Garfield Park | The Most Beautiful Places in Chicago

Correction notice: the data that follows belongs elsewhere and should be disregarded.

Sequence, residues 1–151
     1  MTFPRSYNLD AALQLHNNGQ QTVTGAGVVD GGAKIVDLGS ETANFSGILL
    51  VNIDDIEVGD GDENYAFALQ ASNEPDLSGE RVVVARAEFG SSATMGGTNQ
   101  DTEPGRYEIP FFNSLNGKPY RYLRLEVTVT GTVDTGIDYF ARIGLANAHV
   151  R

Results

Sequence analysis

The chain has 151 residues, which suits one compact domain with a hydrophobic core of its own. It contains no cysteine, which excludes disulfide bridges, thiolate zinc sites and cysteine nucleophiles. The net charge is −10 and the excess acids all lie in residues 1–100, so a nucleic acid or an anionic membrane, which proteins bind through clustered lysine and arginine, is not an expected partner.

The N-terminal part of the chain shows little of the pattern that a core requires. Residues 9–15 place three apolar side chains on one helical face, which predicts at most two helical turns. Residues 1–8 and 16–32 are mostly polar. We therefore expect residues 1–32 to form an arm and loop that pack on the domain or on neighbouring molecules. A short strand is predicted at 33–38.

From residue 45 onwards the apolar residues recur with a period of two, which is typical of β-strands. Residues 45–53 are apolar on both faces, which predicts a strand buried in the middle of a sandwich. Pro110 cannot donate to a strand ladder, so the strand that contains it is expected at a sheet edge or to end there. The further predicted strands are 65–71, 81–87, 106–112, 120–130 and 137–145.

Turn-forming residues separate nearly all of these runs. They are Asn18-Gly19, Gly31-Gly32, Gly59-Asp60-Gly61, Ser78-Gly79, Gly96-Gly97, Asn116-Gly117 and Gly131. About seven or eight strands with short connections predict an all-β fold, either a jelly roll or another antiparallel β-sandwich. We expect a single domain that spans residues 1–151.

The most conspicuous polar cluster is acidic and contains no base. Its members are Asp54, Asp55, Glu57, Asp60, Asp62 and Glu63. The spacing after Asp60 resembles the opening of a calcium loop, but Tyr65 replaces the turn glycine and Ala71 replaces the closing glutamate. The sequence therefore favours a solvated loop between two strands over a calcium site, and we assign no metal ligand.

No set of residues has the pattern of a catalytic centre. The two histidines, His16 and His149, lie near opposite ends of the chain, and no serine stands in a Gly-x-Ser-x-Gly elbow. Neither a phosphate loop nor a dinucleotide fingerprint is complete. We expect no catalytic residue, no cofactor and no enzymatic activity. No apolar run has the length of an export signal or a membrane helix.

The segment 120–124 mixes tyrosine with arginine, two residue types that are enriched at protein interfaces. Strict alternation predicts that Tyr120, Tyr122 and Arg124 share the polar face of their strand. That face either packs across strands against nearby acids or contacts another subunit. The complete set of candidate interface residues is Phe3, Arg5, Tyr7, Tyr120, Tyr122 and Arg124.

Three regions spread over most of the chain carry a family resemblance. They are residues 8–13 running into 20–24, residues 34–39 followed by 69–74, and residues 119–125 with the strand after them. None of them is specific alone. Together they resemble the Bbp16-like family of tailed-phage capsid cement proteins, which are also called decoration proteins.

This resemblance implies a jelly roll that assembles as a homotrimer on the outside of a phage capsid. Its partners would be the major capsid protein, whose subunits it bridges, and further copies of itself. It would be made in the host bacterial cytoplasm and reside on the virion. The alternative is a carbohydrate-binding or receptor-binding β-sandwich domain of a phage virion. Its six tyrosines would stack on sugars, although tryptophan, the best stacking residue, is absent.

Located on Chicago’s West Side, sprawling Garfield Park is full of elements that make it one of the most beautiful places in the city. According to the park district, architect William Le Baron Jenney had envisioned three large parks – Garfield, Humboldt, and Douglass – connected by boulevards on the city’s West Side. Garfield Park was the first of the three to open and was originally named Central Park, but later renamed for President James A. Garfield after his 1881 assassination. Garfield Park’s Spanish baroque revival field house stands out boldly, overlooking the park’s lagoon. The scallop-shell dome atop the field house is adorned with gleaming gold leaf. Built in 1928 by architects Christian S. Michaelsen and Sigurd A. Rognstad, the building originally served as the headquarters for the West Park Commission, and later became the field house when the commission merged with the city park district. Another beautiful feature of Garfield Park is the much-celebrated Garfield Park Conservatory located in the northern portion of the park. Chicago has renowned landscape architect Jens Jensen to thank for the sprawling greenhouse, which is a great place to enjoy room after room of plants, especially in the winter. Before Jensen began work on the three western parks after the turn of the century, each of the parks had their own smaller conservatories that had fallen into disrepair. Jensen worked with New York-based architecture firm Hitchings and Company, along with Prairie School architects Schmidt, Garden, and Martin, to create a single, much larger conservatory in Garfield Park. His design was said to have been inspired by Midwestern haystacks. To hear more about Jensen’s design – including how persnickety he was about the design of his prairie waterfall – check out our audio tour!